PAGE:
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Permanent link to archive for Sunday, March 03, 2002. Sunday, March 03, 2002

Good morning Web Masters. 

New Radio 8 feature: Web Bug Simulator

Jon Udell comments on today's new feature calling it the "RSS Stock Exchange." In yesterday's rant about Orlowski's blogging piece I said "to get a balanced view there must be people who are watching it," so it's important to see how my ideas and implementation bounce off The Mind of Udell.  

Jenny the librarian: "I've come to believe that news aggregation based on RSS feeds of web sites (newspapers, blogs, magazines, etc.) is the future and that the Net Gens will grow up with this as their primary news source." 

Anyway now that I can see the initial results, I think we must tweak the readout (done). Seeing Weblogs.Com Changes in RSS at the top of the list, with Daypop In RSS in the #2 slot, says that counting the number of new items may not be as juicy as it seemed at first look. Just one person subscribed to either of those sources pushes it to the top of the list, esp the first source, which blows a hailstorm of new links through the aggregator page. It's surprising that anyone actually reads the Weblogs.Com changes list that way! To each his own. 

Lots of great stuff on John Robb's site today. We're out of the recession he says. Good news! 

Stroll on Brighton Beach with East Broadway Ron

Steven Levy: "No outlaw service can ever provide consumers with the deep libraries at guaranteed high quality that content owners can deliver." 

Pew Internet: "As Americans Gain Experience, They Use the Web More at Work, Write Emails with More Significant Content, Perform More Online Transactions, and Pursue More Serious Activities." 

Scoble snapped this pic of me speaking at the InfoWorld Web Services conf in January. Note the Radio screen in the background. That's called Marketing. Sneaky.  

We have to figure out what's going on here. We're so short-staffed. I wonder if someone who's expert in Frontier and up the curve with the Radio 8 runtime model could dig in and find out why for a few users on a fast CPU Radio consumes all the available CPU resources. We have not been able to reproduce this here.  

Last night at a party in Portola Valley I met a man who collects tanks and fire engines. He even has his own Scud missle and a mobile launcher. Nice. 

Tim Jarrett: "I would think that newspapers, above all, would understand the importance of syndication." 

On this day last year I thought SOAP was in a critical section. Today, interop in SOAP remains confusing.  

NY Times: "Many companies are establishing 'alumni networks' for laid-off employees through Web sites and special events in the hopes of rehiring them when the economy improves." 

Next bootstraps 

In stealth mode, I've been working on a project called RCS, or Radio Community Server. It's basically at an alpha level now. The idea is to make installing the centralized side of a Radio community as easy as installing Radio on a workstation. It's a fascinating bootstrap, the software is ready, but I need users. How to entice them? Features, of course. So this morning I'm turning in a different direction, I'm working on the Web Bug Simulator for XML feeds. It's very interesting, along the lines of the articles by Udell and Gillmor. A lab for developing community services. OK, here's the idea. We can track hits and referers for HTML by putting a web bug in the page, and when the browser loads the page it asks for the bug, and with a little Javascript magic, we can tabulate and rank the sites, and count the referers. But how to do that for an XML feed which only goes through the browser after being digested by the aggregator? Not so hard to figure out when you phrase the question that way. But there's an opportunity for refinement because my client code is less crude than the meager power the HTML browser gives me. I'm tracking the number of new stories times the number of people who read it, so a site that doesn't update its XML feed falls off the chart, as it should, because it's not saying anything new even if a lot of people are subscribing. Anyway I hope to have some results to show for this shortly. Diggin.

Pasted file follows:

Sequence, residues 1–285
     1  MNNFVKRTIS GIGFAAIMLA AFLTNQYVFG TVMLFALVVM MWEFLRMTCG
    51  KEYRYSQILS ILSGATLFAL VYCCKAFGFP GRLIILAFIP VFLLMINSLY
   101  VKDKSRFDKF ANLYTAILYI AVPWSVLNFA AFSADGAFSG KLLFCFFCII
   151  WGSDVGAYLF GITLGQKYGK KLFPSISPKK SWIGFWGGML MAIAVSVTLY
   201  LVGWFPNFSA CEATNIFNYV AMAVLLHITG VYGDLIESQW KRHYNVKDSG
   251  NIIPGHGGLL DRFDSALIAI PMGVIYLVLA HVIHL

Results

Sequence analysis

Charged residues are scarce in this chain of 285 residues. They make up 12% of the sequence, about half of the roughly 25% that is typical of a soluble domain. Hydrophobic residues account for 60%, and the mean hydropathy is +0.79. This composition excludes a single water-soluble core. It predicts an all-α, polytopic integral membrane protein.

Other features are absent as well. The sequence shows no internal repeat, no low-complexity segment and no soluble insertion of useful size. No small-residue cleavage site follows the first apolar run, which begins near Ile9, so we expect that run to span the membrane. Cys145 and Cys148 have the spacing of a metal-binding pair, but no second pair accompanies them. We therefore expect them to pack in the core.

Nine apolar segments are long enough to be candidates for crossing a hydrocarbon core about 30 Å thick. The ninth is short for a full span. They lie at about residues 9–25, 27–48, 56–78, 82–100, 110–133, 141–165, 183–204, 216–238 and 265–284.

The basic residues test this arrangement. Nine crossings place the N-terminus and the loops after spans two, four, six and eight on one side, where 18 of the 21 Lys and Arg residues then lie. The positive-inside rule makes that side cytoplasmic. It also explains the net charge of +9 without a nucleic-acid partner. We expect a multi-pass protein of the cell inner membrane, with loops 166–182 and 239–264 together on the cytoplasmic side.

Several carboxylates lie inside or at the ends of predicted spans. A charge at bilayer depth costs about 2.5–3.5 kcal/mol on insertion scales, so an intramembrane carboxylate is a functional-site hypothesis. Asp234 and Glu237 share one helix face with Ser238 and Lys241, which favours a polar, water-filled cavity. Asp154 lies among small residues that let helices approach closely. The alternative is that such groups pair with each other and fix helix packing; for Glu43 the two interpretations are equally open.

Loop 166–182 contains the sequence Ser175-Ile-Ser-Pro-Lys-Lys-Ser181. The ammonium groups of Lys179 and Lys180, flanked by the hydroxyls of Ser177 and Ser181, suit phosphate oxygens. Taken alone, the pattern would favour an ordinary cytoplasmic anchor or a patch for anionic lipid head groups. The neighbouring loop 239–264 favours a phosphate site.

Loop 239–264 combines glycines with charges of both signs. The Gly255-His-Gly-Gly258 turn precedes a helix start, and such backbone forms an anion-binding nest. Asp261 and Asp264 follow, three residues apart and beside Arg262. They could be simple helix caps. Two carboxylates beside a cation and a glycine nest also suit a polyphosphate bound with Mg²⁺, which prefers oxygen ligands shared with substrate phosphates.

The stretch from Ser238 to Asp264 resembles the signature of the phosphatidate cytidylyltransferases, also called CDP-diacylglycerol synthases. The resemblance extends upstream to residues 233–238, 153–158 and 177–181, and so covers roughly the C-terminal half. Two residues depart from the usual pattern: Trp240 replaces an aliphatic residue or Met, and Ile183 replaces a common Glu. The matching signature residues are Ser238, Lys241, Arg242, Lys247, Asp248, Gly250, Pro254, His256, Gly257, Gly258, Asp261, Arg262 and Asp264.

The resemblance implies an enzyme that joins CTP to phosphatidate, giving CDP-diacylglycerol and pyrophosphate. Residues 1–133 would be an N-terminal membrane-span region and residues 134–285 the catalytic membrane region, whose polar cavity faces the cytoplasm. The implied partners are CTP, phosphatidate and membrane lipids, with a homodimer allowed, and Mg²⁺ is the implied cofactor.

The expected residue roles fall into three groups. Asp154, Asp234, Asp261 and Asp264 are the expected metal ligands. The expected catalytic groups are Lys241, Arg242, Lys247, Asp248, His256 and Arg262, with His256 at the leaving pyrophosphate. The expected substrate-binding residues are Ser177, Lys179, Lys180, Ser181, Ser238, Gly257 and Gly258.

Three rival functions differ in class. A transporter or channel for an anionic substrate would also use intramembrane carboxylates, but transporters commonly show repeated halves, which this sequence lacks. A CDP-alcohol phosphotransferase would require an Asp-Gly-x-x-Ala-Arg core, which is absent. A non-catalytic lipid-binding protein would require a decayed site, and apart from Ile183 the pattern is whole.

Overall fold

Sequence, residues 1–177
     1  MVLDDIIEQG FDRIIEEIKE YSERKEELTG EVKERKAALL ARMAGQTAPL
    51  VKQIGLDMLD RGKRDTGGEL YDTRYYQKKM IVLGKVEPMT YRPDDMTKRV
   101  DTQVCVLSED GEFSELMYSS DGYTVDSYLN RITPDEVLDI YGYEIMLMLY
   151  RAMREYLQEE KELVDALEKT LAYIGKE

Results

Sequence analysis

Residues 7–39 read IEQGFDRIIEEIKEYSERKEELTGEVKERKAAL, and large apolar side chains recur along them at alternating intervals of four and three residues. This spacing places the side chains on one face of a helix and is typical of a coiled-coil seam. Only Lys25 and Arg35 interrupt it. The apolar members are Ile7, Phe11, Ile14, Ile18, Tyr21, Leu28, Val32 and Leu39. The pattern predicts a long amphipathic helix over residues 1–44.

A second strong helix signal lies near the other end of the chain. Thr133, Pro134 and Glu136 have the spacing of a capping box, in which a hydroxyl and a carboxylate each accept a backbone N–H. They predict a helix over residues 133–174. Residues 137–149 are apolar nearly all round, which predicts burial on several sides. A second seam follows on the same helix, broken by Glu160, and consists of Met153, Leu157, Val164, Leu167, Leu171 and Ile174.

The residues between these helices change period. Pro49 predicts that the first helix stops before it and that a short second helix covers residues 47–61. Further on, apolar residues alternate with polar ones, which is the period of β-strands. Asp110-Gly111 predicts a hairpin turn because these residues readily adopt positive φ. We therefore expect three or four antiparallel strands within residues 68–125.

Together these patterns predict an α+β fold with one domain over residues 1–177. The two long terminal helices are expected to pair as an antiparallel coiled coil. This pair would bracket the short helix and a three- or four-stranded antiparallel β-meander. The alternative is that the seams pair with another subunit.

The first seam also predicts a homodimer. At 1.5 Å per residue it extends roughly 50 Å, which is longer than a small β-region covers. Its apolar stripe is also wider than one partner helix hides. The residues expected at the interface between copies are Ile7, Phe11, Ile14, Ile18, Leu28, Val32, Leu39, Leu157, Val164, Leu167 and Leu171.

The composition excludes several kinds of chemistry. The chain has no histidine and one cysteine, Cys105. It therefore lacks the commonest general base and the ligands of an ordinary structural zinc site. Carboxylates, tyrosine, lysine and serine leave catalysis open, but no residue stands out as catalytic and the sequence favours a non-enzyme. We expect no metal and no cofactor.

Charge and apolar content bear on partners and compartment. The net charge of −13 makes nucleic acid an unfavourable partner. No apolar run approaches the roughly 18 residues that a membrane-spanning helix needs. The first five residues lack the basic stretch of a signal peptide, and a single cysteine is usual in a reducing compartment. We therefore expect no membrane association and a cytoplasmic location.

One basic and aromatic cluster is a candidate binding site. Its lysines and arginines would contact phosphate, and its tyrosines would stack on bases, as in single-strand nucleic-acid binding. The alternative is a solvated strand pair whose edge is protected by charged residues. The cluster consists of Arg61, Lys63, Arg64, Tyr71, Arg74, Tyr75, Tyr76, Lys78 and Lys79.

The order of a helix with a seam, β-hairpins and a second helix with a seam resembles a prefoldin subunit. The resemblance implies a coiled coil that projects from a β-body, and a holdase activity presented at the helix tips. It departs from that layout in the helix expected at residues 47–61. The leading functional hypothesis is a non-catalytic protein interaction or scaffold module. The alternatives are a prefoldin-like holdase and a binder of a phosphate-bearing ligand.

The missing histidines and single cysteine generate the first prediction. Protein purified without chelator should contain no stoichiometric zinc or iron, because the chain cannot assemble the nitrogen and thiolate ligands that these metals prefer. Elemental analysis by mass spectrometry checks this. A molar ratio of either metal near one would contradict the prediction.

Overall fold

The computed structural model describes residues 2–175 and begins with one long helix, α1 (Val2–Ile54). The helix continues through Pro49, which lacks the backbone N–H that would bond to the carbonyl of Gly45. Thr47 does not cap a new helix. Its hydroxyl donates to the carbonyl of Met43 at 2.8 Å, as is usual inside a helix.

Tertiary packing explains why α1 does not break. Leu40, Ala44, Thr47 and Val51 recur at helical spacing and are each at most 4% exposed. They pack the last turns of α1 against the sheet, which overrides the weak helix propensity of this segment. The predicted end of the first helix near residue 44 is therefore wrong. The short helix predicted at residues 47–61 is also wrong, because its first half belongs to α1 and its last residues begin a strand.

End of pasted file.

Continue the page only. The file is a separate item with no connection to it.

$0 for Eisner 

A picture named elviswithfan.gifSome time in the last couple of years I stopped talking to the music business. When they shut off Napster I stopped caring. A few days before Morpheus shut down last month I downloaded the software and installed it. I had a specific mission in mind. My MP3 collection had almost no Elvis Costello, and, having heard an NPR interview with him, I was interested. So I booted up Morpheus and went looking and found lots of hits, mostly the songs I already had, and downloaded a couple I hadn't, and the quality was so low, I threw them in the trash. My time is worth money and of course I would have happily downloaded a curated and quality-assured package of Elvis songs, with written narrative (he's an interesting guy, very smart, a good story teller) for $39. Charge it to my credit card. I thought I'd mention that, because like others, A picture named eisner.gifI spend $0 on music now, and no that's not a story of Napster screwing things up, it's Eisner and Case that screwed it up. While I was using Napster I was a veritable pump of money into their coffers to make the point to myself and anyone else who cared that it wasn't about money, it was about love of music and wanting it to come to me easily, conveniently and with high quality. For the 18th time, we want to work with the music business. Why can't they hear that. Instead they're lobbying Congress to rape the computer industry so they can get all the money we would supposedly send to them after they did that. Oy. We'd burn their houses, figuratively of course. No money for losers.


Last update: Sunday, March 03, 2002 at 9:14 PM Eastern.

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